Synopses & Reviews
Welcome to New Auburn, Wisconsin (population: 485), where the local vigilante is a farmer's wife armed with a pistol and a Bible, the most senior member of the volunteer fire department is a cross-eyed butcher with one kidney and two ex-wives (both of whom work at the only gas station in town), and the back roads are haunted by the ghosts of children and farmers. Michael Perry loves this place. He grew up here, and now -- after a decade away -- he has returned.
Unable to polka or repair his own pickup, his farm-boy hands gone soft after years of writing, Mike figures the best way to regain his credibility is to join the volunteer fire department. Against a backdrop of fires and tangled wrecks, bar fights and smelt feeds, he tells a frequently comic tale leavened with moments of heartbreaking delicacy and searing tragedy. Tracing his calls on a map in the little firehouse, he sees "a dense, benevolent web, spun one frantic zigzag at a time" from which the story of a tiny town emerges, building to a final chapter that is at once devastating and transcendent.
"Quietly devastating...intimate and disarming and lovely."
"Often funny, sometimes heartbreaking, but always full of life, characters and the tangled web of small-town history, daily drama, and strain of occasional weirdness that make country living such a challenge and an adventure....A joy of a book."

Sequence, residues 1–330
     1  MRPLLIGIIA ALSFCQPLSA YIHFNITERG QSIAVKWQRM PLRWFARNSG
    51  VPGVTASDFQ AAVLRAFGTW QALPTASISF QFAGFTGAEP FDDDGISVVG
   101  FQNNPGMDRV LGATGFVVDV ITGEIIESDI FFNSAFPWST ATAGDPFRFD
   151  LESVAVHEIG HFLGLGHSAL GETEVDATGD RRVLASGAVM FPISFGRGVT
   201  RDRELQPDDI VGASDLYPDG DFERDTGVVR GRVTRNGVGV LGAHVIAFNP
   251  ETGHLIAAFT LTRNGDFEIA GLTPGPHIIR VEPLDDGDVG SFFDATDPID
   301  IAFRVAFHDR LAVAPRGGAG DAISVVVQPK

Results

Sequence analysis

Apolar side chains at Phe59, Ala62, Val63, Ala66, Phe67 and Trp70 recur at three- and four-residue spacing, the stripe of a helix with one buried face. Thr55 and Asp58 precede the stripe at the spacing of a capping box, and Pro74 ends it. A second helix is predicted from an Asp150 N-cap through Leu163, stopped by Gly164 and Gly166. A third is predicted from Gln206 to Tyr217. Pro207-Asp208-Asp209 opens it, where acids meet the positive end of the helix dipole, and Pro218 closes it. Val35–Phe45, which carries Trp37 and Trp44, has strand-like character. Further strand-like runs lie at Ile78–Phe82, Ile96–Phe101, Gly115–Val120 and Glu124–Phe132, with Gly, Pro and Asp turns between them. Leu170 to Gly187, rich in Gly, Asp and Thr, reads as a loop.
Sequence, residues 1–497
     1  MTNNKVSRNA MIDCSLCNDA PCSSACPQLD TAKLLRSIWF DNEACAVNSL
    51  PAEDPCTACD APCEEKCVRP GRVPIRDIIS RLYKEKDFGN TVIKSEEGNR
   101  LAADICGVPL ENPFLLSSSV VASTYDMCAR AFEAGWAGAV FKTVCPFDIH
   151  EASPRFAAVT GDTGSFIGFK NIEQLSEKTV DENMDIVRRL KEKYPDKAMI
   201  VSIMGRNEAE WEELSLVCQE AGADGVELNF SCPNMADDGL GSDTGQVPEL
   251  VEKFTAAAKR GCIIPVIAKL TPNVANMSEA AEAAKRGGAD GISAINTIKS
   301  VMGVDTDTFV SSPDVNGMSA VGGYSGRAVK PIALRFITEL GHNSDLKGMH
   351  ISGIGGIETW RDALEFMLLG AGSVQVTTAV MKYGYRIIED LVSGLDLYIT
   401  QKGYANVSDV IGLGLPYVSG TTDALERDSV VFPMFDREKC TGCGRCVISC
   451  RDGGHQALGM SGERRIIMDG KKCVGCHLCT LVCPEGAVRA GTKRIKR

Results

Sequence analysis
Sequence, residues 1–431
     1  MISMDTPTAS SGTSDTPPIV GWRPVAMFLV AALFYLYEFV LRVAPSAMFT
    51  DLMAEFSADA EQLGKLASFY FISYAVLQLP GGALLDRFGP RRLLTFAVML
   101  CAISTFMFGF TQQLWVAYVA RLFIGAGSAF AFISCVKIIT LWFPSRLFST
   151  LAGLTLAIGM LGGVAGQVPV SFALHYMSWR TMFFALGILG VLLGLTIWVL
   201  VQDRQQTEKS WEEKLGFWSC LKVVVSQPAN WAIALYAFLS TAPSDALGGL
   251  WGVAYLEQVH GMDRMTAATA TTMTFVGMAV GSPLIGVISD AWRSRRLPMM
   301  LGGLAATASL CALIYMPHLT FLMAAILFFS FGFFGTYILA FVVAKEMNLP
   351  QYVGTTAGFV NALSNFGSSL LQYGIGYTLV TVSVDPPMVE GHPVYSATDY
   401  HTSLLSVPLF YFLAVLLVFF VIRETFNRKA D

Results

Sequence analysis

Michael Korda, author of Country Matters
After a twelve-year absence, a real-life prodigal son returns to his hometown New Auburn, Wisconsin, population: 485 and joins the volunteer fire and rescue department. In a place where men post claims of manhood on their truck bumpers, where the local vigilante is a farmer's wife armed with a pistol and a Bible, and where the most senior firefighter is a cross-eyed butcher with one kidney and two ex-wives (both of whom work at the only gas station in town), writer Michael Perry sets out "to meet my neighbors at the invitation of the fire siren." The emergencies are real, the settings are surreal, and with each foray into the boondocks, we piece together the history of a people and a place. By turns fiery and funny, violent and gentle, Population: 485 is the true account of a search for rootedness in a place from the past.
Swells with unadorned heroism. He' s the real thing .
About the Author
Michael Perry was raised on a small dairy farm near New Auburn, Wisconsin, and put himself through nursing school working as a cowboy in Wyoming. As of this writing, he is the only member of the New Auburn Area Fire Department to have missed the monthly meeting because of a poetry reading.